WASHINGTON — Repeated problems with free rides for D.C. students regularly create conflicts and could sometimes lead to attacks on Metrobus operators, a panel of transit industry experts are set to tell Metro’s Board Thursday.
As part of a broader review of Metro’s response to, and efforts to prevent, bus operator assaults, the peer review panel from the American Public Transportation Association found many DC One cards do not work, have been lost or are given to non-students.
The panel also suggests Metro provide more training both on how to prevent assaults and how to deal with them after they happen, including encouraging the Metro Transit Police to collect saliva samples for DNA analysis when drivers are spit on.
Metro should also give bus operators suggested responses to questions about riding free rather than instructing them to remain silent or quote the fare, the panel said.
While Metro has installed protective shields on some buses, cameras on all buses, and deploys police officers to the most high-crime routes, the panel suggested Metro consider whether “additional resources are necessary to reduce bus operator assaults.”
“The Panel notes there is a gap between the expectations of bus/rail operations personnel and the actual number of police personnel available for deployment,” a summary of the findings said.
Metro hopes a public-relations campaign aimed at “humanizing” bus operators, de-escalation training and a renewed emphasis on the use of silent alarms on buses could help.
The panel suggested adding a personality test to the hiring process to better identify people with customer service and problem-solving abilities.
Metro has also called for the ability to ban people guilty of assaults from using the transit system.
Metro Transit Police must better account for the actual number of assaults by reviewing crime data after cases are closed, the review panel said, but assaults still rose at least 29 percent in 2017 — from 70 to 90 as of Dec. 9.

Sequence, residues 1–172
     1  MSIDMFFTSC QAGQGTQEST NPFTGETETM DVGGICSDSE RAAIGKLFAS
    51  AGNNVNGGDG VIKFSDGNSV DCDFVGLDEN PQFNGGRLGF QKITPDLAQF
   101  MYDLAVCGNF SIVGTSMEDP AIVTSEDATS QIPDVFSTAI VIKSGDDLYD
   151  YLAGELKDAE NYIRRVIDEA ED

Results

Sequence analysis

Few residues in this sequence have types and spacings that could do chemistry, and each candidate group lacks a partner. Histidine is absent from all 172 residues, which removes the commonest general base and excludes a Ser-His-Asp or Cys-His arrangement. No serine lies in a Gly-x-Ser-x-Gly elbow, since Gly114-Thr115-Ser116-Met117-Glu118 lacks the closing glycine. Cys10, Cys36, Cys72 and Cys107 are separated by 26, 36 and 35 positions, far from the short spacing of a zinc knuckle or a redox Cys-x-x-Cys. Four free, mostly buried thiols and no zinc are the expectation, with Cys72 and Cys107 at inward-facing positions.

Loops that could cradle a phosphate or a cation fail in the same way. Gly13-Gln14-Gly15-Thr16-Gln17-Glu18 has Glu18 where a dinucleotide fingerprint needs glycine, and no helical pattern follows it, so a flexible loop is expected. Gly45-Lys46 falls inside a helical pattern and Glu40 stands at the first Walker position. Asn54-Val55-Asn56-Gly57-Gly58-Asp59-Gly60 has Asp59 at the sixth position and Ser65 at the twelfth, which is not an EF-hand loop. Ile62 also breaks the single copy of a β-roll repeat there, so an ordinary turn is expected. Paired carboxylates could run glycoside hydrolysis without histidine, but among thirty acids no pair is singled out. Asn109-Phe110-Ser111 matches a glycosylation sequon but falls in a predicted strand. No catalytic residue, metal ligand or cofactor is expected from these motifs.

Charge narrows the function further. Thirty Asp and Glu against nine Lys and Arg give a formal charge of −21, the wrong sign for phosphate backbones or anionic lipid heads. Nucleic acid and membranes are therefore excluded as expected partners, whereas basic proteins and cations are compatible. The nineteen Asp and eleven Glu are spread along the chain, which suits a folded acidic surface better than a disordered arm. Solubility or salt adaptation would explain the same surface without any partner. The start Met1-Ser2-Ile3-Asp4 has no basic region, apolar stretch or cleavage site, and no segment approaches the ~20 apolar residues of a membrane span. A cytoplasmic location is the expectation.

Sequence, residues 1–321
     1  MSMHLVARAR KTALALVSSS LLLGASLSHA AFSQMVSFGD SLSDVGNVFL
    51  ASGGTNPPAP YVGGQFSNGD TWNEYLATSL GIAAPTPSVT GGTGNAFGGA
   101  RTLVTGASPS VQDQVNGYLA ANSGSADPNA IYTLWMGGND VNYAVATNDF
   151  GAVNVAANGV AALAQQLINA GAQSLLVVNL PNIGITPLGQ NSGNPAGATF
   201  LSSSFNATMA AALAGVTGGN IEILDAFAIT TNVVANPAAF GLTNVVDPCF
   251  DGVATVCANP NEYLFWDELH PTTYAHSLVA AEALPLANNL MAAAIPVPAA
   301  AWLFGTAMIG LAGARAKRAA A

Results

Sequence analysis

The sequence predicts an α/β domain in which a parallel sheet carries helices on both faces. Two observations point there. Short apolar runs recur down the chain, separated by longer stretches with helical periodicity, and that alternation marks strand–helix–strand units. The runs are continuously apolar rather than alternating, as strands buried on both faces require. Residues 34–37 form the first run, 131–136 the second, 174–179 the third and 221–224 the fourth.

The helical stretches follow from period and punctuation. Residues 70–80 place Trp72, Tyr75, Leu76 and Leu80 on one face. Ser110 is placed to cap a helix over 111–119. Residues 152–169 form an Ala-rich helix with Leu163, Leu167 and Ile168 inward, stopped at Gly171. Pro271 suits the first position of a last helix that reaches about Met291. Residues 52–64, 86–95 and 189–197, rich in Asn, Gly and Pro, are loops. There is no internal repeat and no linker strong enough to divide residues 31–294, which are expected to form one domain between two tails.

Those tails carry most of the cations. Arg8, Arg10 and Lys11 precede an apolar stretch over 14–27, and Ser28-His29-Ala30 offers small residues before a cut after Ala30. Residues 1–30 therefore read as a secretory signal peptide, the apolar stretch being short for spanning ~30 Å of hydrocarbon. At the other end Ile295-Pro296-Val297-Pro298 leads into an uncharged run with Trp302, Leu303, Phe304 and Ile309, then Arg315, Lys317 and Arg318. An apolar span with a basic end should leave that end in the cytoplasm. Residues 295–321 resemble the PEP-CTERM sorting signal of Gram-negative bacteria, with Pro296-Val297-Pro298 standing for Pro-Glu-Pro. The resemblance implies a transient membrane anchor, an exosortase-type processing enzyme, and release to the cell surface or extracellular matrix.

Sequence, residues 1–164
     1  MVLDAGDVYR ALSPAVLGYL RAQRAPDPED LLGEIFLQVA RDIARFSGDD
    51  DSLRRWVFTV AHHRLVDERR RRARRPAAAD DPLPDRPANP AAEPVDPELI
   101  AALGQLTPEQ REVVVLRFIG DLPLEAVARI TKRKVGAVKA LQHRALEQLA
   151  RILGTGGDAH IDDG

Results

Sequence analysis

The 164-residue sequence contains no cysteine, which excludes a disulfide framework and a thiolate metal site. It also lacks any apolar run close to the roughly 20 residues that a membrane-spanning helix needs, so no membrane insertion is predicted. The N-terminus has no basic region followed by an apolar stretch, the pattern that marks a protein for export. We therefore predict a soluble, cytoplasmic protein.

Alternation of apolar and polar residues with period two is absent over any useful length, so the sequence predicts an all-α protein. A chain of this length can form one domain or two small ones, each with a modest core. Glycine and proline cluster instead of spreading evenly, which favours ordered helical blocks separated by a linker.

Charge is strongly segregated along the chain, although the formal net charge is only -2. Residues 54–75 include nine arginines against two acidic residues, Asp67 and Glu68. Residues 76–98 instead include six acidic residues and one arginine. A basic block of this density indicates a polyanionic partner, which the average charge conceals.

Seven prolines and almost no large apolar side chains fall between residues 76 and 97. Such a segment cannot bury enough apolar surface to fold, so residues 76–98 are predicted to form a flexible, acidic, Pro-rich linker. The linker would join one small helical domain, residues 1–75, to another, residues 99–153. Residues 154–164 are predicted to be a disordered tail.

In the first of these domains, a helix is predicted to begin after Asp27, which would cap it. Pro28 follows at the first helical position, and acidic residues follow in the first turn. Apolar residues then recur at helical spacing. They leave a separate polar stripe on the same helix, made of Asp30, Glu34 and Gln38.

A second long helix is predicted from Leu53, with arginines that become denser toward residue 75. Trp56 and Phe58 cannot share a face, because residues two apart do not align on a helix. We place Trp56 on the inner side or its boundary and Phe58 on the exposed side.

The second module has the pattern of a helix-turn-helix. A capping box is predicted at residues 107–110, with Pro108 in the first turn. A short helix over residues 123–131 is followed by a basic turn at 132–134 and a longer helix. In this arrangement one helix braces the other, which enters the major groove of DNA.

Kids Ride Free changes suggested
Metro is suggesting changes to give students preloaded SmarTrip cards each school year instead, and to remove the restrictions that limit use of the card to stations in D.C., Capitol Heights, Friendship Heights, Southern Avenue, Silver Spring and Naylor Road.
The restrictions are a major reason students have ended up with negative balances attached to their cards for going even one stop farther.
Metro blocks anyone with a negative balance from using the system, even if the card also has a valid pass. As of this week, riders are no longer allowed to exit the system if it would leave their card with a negative balance.
An estimated 40 percent of D.C. public, charter and private school students still fail to tap in or out on Metrorail or buses for their free rides this school year — and that’s actually a dramatic improvement from the estimated 66 percent who failed to do so over the 2016-2017 school year, Metro said.
But ongoing problems with students having negative value on their cards — which now prevents them from using the system — or confusion among private school students about how to activate the pass on the DC One school ID card, now leads to “confusion, frustration and a lack of compliance, making it easier for students to rely on flashing the card or not using it at all instead of tapping it at the fare gates,” Metro Board documents said.
If students don’t tap their cards, Metro loses the ridership data that is important for federal funding. The official ridership numbers can also change regional funding formulas.
Metro is not proposing any changes to the per-student pricing of the program, which is paid for by the D.C. government.